A label that managed to work wonders with the John Cage library, the CP2 firm here accomplishes the difficult task of getting the Canadian Broadcasting Company to loosen its normally tight grip on live recording productions. While sounding a touch haphazard here and there, a quality that might not be a negative when it comes to Cage, the largish New Music Concerts ensemble of Toronto divided up into small groupings for interpretations of Cage compositions from the early '50s. It sounds like it was a superb concert and it makes for one of the better performances of Cage works from the early days of his compositions for dance and experiments with indeterminacy or "chance" composition. The "Sixteen Dances," as played here, are mostly short pieces of a minute or so, although the final three sections are twice as expansive. The changing sound palette and at times stubbornly motionless nature of the composing itself makes for a great combination, as are the acoustics and the live recording job done by the radio network. There is some fine playing from members of the Nexus Percussion Ensemble as well as instrumentalists such as violinist Otto Armin and trumpeter James Spragg. The proceedings are conducted by Paul Zukofsky, who as a violinist collaborated with Cage on a series of solo violin etudes.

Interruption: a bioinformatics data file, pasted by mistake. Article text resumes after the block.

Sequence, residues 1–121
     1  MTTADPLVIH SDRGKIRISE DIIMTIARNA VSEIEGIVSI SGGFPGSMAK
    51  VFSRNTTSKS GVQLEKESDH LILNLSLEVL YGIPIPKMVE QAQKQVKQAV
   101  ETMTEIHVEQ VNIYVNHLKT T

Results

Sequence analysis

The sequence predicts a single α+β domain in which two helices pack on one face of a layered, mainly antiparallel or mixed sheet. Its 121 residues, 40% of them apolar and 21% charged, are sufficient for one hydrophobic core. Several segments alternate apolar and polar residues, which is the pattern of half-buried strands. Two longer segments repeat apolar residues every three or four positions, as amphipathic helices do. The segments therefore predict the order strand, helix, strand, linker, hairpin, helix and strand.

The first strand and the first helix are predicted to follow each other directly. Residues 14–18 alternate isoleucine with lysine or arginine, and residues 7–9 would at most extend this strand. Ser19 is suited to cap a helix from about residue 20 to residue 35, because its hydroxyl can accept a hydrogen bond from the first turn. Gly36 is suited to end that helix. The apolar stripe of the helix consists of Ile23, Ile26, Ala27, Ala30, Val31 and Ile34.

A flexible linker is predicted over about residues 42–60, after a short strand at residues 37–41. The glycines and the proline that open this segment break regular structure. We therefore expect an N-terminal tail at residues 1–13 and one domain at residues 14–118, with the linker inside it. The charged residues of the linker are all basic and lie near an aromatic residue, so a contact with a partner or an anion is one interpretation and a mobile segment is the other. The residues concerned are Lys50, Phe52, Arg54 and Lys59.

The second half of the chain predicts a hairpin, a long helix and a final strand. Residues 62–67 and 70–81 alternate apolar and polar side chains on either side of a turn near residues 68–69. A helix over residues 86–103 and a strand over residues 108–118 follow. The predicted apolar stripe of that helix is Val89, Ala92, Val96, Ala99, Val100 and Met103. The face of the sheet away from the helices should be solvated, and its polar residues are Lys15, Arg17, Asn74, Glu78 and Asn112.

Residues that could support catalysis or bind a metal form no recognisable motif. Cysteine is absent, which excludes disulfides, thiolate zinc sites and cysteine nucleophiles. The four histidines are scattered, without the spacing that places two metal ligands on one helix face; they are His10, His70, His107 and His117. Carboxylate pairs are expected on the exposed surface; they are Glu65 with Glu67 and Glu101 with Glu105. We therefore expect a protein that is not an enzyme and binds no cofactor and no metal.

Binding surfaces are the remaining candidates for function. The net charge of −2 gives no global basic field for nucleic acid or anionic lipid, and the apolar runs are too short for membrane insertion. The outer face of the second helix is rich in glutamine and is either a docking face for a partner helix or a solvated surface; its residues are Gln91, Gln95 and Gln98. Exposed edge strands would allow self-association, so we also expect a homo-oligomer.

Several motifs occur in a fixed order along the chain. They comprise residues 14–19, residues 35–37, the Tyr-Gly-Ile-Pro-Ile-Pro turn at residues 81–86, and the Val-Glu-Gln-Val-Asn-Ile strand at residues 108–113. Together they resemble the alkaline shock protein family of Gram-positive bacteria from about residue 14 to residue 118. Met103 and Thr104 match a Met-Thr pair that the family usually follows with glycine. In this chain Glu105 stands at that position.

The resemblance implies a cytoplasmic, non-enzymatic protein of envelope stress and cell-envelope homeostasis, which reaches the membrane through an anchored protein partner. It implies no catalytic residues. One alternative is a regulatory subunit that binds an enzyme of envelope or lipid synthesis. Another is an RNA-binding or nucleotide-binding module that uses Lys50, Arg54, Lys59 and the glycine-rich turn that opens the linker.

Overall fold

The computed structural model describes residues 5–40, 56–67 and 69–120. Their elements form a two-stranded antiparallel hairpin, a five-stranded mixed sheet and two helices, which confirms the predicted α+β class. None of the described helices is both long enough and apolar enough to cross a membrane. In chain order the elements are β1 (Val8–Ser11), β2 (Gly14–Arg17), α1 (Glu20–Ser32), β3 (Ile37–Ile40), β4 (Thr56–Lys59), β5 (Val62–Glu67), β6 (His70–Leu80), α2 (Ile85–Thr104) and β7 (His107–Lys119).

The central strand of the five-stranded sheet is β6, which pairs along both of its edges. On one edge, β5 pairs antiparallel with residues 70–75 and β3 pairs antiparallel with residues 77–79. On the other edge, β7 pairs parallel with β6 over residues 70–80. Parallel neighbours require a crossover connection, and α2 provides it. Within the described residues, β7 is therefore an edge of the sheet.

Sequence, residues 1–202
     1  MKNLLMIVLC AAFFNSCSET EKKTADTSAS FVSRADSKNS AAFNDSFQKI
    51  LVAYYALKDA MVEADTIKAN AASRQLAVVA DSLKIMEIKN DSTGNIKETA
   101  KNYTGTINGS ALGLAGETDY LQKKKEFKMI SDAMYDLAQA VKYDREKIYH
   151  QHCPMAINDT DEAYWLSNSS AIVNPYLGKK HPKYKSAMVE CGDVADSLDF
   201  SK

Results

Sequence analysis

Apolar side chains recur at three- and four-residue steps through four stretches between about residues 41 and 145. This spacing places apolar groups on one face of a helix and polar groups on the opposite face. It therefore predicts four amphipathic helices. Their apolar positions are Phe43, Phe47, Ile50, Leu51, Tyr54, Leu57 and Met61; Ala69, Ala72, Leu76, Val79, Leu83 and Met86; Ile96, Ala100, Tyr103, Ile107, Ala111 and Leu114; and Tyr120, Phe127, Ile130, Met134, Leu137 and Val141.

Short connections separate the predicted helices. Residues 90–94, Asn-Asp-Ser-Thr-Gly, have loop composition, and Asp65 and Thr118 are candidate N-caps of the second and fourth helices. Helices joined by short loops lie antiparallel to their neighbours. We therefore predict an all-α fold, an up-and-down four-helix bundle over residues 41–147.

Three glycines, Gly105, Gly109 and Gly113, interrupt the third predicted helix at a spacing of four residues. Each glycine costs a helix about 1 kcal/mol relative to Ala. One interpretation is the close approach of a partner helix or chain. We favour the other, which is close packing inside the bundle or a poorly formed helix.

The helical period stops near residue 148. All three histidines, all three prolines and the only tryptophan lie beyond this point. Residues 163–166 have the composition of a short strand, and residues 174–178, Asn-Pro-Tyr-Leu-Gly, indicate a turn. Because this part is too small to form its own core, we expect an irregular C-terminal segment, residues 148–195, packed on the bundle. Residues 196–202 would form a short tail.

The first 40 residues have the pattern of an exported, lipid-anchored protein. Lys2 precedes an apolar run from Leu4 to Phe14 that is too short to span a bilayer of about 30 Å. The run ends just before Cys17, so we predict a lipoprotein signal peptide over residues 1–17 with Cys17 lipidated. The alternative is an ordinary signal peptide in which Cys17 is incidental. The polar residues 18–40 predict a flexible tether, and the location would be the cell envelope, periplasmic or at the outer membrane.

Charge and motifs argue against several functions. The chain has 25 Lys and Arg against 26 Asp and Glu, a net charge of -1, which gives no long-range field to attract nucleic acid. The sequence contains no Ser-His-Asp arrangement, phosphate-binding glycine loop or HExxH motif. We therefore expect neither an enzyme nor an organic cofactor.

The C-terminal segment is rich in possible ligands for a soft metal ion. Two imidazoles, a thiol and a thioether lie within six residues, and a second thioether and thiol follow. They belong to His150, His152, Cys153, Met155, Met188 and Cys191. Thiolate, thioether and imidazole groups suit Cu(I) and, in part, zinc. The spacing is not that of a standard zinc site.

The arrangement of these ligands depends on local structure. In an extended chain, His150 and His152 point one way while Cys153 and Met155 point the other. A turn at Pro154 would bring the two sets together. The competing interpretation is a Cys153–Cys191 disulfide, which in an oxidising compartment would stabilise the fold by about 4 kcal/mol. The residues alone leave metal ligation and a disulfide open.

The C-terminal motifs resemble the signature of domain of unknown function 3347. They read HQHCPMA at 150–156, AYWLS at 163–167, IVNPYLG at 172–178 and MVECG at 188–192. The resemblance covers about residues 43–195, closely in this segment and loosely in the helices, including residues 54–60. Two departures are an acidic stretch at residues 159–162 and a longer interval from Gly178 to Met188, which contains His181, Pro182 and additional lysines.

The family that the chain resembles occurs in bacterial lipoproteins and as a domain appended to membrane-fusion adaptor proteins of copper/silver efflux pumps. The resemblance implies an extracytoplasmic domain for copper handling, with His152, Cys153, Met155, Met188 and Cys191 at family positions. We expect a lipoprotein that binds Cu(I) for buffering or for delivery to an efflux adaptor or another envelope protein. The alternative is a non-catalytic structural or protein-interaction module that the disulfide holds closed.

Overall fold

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AllMusic Review by Eugene Chadbourne